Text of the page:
Human Form of “Mad Cow” Disease More Widespread Than Once Thought
October 17, 2013
A variant of Creutzfeldt-Jakob disease (vCJD), the human form of “mad cow” disease, is more prevalent than once thought, according to a new study published in this month’s British Medical Journal. Researchers analyzed 32,441 tissue samples from 41 British hospitals collected by the Health Protection Agency between 2000 and 2012. Each sample was tested for the proteins associated with vCJD. Results showed the number of people who carry the protein was double that of previous surveys. Little difference between age, sex, or geographic region indicates a more widespread infection of the overall population. An infected individual can incubate this form of the disease without exhibiting symptoms.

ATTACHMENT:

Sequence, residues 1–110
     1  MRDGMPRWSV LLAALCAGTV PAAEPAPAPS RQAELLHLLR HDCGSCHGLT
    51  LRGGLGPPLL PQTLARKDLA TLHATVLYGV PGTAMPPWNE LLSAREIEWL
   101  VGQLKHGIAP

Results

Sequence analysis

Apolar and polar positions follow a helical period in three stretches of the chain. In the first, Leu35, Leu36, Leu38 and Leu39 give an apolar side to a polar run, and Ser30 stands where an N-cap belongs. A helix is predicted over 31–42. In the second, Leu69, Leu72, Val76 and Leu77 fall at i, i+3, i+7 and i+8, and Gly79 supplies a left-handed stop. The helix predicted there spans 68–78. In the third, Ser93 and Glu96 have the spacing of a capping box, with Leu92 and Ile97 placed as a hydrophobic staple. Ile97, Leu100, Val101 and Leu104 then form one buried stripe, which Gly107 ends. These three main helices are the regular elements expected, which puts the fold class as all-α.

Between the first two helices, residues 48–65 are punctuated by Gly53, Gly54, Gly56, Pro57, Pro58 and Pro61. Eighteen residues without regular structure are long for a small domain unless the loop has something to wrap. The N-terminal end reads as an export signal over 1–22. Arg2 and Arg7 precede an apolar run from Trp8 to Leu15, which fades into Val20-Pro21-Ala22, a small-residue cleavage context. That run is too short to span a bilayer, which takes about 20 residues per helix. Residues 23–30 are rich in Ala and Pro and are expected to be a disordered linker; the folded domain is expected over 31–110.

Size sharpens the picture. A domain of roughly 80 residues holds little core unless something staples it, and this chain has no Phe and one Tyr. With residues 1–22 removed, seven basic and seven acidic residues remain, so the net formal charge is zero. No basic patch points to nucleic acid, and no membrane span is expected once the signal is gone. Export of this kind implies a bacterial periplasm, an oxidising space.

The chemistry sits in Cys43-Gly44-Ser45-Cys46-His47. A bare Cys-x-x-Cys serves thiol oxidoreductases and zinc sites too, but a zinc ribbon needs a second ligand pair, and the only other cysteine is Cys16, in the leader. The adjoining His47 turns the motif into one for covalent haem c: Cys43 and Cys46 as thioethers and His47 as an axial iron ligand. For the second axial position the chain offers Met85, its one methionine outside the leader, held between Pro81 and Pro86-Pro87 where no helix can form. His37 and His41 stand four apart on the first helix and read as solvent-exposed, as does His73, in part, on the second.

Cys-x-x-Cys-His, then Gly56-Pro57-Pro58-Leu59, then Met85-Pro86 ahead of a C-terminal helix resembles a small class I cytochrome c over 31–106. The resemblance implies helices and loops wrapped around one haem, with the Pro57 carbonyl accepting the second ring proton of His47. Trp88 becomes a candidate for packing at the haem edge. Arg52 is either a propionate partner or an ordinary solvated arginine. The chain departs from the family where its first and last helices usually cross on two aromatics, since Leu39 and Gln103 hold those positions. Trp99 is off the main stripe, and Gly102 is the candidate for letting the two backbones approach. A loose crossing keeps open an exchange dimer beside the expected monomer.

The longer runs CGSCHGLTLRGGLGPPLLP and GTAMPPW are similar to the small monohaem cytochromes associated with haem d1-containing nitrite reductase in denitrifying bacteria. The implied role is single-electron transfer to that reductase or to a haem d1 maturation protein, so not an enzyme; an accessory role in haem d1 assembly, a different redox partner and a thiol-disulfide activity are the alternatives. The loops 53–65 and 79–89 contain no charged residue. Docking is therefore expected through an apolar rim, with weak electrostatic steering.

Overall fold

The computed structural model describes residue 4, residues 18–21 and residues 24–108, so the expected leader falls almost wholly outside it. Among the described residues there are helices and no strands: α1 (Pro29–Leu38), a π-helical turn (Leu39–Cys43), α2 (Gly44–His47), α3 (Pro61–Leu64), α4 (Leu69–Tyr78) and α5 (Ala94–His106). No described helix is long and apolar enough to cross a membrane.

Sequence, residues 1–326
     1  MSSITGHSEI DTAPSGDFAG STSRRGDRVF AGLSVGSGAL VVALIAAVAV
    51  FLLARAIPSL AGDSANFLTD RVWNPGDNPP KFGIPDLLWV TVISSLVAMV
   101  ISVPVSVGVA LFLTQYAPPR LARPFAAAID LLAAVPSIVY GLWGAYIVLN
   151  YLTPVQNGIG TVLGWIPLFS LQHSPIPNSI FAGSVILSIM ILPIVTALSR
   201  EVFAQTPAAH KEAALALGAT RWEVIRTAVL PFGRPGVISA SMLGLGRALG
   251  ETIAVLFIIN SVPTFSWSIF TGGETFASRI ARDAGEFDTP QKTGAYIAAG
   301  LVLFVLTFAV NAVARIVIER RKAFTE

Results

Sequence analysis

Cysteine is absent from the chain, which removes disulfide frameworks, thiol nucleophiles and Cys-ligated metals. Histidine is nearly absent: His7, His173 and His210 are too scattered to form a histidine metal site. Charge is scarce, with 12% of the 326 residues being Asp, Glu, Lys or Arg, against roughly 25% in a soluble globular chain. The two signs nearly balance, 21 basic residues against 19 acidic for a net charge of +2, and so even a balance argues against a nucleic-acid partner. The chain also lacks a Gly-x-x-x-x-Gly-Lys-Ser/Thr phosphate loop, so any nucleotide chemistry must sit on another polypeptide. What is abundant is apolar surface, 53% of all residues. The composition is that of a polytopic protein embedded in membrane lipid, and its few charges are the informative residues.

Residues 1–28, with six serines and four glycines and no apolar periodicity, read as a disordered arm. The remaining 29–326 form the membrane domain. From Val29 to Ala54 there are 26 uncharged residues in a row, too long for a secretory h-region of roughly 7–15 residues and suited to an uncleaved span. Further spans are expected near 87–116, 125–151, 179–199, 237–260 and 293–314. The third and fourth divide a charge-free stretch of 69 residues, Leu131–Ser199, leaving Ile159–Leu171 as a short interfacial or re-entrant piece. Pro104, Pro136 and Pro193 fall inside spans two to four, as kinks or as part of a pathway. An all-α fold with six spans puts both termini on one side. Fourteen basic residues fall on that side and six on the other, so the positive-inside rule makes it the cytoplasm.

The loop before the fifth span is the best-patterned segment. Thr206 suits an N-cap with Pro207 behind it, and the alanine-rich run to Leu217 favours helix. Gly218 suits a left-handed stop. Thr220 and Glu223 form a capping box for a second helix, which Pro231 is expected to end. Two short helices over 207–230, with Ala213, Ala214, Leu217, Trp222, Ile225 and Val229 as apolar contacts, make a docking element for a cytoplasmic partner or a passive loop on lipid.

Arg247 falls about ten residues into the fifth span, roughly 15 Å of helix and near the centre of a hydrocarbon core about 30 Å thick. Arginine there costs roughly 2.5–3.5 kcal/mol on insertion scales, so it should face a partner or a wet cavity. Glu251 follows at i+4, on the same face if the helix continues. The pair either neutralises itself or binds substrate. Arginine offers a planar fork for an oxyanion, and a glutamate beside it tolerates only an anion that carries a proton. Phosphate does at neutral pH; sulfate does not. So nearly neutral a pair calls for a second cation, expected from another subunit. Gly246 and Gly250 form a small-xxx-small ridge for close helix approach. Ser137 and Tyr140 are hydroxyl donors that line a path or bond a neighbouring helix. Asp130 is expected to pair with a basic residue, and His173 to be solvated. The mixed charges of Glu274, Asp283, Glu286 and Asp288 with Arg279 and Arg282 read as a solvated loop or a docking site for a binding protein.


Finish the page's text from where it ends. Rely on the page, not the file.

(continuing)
Gill ON, Spencer Y, Richard-Loendt A, et al. Prevalent abnormal prion protein in human appendixes after bovine spongiform encephalopathy epizootic: large scale survey. BMJ. 2013;347:f5675.
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